Misbehaving Blog is now part of the Behavioral Scientist

“[We need to] stop people calling everyone who does applied work in this area a behavioral economist. The term we prefer is ‘behavioral scientist.’” - Richard Thaler

In an interview at ideas42’s New York headquarters, Richard Thaler called for a more open-minded (and less economics-centric) approach to behavioral science. He said that economics “leaves out so many important things,” and that applied behavioral science cannot only be practiced by behavioral economists: “[We need to] stop people calling everyone who does applied work in this area a behavioral economist. The term we prefer is ‘behavioral scientist.’”

With that in mind, Misbehaving Blog is thrilled to become part of the Behavioral Scientista new online magazine whose mission is to make the valuable insights gathered from behavioral science accessible and useful to all. With support provided by ideas42, the Center for Decision Research, and the Behavioral Science and Policy Association, the Behavioral Scientist will bring you original, thought-provoking reports from the front lines of behavioral science. On our site you'll find analysis of current events by leading behavioral scientists, updates on developments in the field, conversations with experts, coverage of recently published books and papers, and a curation of some of the best behavioral science writing online.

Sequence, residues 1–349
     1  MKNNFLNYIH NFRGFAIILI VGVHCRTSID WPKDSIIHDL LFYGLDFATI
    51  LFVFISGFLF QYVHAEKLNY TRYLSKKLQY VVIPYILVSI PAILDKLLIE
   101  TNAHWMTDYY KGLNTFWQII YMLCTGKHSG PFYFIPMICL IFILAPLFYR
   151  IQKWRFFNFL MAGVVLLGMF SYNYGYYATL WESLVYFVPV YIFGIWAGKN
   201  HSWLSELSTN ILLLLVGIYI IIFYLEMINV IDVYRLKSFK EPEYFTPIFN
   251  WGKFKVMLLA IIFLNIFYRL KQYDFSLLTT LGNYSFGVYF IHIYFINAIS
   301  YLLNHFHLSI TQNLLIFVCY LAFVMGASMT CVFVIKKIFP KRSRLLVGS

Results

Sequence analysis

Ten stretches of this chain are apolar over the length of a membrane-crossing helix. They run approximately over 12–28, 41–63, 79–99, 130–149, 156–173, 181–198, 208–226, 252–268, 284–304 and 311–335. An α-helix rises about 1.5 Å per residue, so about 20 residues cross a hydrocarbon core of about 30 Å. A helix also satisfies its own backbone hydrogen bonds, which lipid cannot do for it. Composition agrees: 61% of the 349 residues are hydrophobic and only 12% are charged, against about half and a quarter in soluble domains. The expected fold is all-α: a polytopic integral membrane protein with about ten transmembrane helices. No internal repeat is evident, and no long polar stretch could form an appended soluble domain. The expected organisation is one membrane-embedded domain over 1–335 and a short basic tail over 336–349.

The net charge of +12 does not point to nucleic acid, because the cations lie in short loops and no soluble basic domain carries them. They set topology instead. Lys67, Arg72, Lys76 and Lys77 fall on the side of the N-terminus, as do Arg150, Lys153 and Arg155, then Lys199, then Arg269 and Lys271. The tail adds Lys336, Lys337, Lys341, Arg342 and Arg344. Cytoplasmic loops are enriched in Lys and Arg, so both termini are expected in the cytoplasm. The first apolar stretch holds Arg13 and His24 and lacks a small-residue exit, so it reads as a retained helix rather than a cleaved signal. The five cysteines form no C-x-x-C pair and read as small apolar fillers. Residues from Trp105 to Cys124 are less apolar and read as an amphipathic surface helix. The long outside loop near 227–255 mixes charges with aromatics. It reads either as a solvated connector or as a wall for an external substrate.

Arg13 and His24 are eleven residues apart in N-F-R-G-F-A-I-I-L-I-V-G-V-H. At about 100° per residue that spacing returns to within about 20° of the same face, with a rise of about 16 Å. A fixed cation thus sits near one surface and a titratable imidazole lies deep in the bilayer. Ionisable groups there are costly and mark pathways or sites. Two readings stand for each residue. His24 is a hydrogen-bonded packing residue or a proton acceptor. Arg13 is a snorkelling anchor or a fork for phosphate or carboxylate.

Find out more about the Behavioral Scientist in our letter welcoming readers to this exciting new project and be sure to join us on TwitterFacebook, and LinkedIn.

Why Your Lazy Colleague Gets Under Your Skin

BY: SYON BHANOT (SWARTHMORE COLLEGE) & JACKY YE (SWARTHMORE COLLEGE, CLASS OF 2019)

Imagine you have an office job in New York City. You’ve been working at this firm for five years and know how the office works. The cubicle to your right is occupied by Joshua. Joshua’s been around a while, but you don’t understand how he still has a job. The guy’s a total slacker. Meanwhile, the cubicle to your left has been vacant for a while -- that is until Ellen, fresh out of business school and eager to prove herself, shows up. She’s a star -- she gets more done in a day than you do in two. Your boss comes in and assigns you to work on two different projects, one with Ellen and the other with Joshua. You notice that when you work with Ellen, you feel more productive than when you work with Joshua. Actually, working with Joshua starts to really frustrate you, and you think about reporting him to your boss.  

Nudgespotting: Getting Active in D.C.

BY: ANTONIA VIOLANTE (IDEAS42)

Almost everyone appreciates the benefits of exercise, especially when it's time to make New Year’s resolutions. But incorporating exercise into your busy schedule isn’t always as easy as it looks on the Lulu Lemon commercials. In fact, in 2015 only 20.9% of adults over 18 met the federal physical activity guidelines. Even when we do intend to exercise, we often find ourselves feeling like it’s not worth the trouble or being tempted into a happy hour instead.

The good news is behavioral science can help. Here are some Washington, D.C. behavioral science insights in action that have helped others -- and myself -- get active.